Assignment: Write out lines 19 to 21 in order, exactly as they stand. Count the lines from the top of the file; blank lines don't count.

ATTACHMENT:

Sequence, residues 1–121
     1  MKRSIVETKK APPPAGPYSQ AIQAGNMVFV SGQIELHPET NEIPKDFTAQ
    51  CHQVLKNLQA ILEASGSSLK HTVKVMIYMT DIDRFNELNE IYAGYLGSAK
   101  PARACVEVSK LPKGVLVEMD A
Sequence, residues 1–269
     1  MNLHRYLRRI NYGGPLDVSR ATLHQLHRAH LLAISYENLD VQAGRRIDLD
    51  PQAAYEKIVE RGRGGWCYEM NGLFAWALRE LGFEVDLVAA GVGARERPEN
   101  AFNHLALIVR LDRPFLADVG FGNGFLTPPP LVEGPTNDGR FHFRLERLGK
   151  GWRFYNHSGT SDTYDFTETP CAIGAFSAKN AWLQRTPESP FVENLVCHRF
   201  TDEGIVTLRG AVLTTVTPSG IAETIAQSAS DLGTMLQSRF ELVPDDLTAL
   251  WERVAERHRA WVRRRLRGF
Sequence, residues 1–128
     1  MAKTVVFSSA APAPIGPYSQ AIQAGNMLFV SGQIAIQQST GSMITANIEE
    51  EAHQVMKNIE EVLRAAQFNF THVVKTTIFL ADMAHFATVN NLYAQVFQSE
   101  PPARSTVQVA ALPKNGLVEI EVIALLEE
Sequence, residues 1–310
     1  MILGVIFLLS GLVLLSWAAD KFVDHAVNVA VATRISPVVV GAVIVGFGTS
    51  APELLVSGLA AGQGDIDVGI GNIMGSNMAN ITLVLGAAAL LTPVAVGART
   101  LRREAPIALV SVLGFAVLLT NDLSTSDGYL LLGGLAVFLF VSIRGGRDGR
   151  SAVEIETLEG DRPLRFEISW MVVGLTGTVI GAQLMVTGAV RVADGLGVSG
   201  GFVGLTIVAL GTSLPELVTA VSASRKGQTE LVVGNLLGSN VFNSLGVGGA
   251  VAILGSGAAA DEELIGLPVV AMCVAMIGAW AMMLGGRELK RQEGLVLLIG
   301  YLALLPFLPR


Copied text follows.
   101  LRREAPIALV SVLGFAVLLT NDLSTSDGYL LLGGLAVFLF VSIRGGRDGR
   151  SAVEIETLEG DRPLRFEISW MVVGLTGTVI GAQLMVTGAV RVADGLGVSG
   201  GFVGLTIVAL GTSLPELVTA VSASRKGQTE LVVGNLLGSN VFNSLGVGGA